The Home Depot, Inc. (NYSE:HD) is up 40% in the last year, with many investors claiming that the home improvement retailer is well poised to benefit from a stronger housing market. In theory, Home Depot sees demand from several stages of the real estate transaction process: homeowners improve their house before selling, home buyers make purchases as part of customizing their new property, and people buying a house to “flip” it will sometimes fix up the house’s amenities or appearance on a large scale. Peer Lowe’s Companies, Inc. (NYSE:LOW), following similar logic, is up 23% in price since a year ago.
In the fiscal year ending early February 2013, The Home Depot, Inc. (NYSE:HD) reported a 6% increase in sales compared to the previous fiscal year largely on the back of 5% same store revenue growth. While the growth rate from the fourth fiscal quarter was 14%, this is partly explained by the quarter being 14 weeks instead of 13, so on a per-week basis revenue growth was in line with earlier in the year. Growth in operating expenses was held down with the result being 17% earnings growth for the year.
In its quarterly announcement The Home Depot, Inc. also announced that it would be increasing its dividend (the new yield is 2.2% at current prices) and announced that it plans to buy back $17 billion in shares over the next few years. There were $4 billion in share repurchases in the last fiscal year. The stock trades at 23 times trailing earnings, so even taking buybacks into account The Home Depot, Inc. (NYSE:HD) needs to deliver moderate earnings growth, but we would think even half as much earnings growth going forward as it did last year would be sufficient.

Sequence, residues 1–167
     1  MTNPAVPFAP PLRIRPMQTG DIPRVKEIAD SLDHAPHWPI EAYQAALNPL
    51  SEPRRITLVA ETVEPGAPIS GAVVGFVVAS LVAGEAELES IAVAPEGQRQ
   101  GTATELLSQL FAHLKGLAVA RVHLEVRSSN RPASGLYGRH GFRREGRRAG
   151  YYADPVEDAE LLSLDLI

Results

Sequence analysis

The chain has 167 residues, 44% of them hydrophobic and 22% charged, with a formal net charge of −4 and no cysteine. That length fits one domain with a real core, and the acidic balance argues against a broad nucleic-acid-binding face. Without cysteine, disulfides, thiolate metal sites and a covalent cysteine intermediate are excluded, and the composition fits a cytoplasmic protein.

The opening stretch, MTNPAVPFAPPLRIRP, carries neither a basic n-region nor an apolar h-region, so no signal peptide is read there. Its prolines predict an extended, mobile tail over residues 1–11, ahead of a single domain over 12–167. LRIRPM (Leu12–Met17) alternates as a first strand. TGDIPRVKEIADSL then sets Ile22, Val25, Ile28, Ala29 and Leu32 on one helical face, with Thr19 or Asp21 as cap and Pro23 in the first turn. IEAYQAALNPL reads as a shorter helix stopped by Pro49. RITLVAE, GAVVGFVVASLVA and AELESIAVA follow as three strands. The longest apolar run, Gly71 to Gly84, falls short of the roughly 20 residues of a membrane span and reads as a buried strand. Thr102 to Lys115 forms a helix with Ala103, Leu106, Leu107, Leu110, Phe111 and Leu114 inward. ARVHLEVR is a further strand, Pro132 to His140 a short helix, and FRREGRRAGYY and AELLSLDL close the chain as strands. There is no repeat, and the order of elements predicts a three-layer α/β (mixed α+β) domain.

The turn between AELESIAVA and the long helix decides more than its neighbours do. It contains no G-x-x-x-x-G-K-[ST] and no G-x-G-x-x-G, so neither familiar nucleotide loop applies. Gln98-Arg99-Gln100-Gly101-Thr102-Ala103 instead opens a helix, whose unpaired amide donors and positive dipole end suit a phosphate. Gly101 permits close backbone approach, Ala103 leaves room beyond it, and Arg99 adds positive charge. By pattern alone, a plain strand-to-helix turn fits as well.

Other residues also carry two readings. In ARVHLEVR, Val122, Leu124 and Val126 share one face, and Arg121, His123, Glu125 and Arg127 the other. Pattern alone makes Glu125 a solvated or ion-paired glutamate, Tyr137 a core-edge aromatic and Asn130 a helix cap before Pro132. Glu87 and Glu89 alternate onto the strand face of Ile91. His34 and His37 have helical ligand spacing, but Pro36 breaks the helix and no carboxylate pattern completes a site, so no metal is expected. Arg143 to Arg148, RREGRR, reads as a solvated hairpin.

We track 13F filings from hedge funds and other notable investors as part of our work developing investment strategies; we have found, for example, that the most popular small cap stocks among hedge funds generate an average excess return of 18 percentage points per year. We can also use this database to see which top managers owned shares of Home Depot as of the end of December. According to our database, billionaire Ken Fisher’s Fisher Asset Management owned 8.3 million shares at the end of the fourth quarter (see Fisher’s stock picks) while Renaissance Technologies, founded by billionaire Jim Simons, reported a position of 1.8 million shares following a large increase in its stake (find more stocks Renaissance was buying).
Interestingly, Lowe’s has a similar valuation at a trailing P/E of 23. Its last quarter had one fewer week than the same period in the previous fiscal year; in total revenue was down 5% and earnings fell 11%, so even accounting for that its results were not as good as The Home Depot, Inc. (NYSE:HD)’s. Lowe’s is also active in repurchasing stock but judging from its financial performance it isn’t particularly attractive.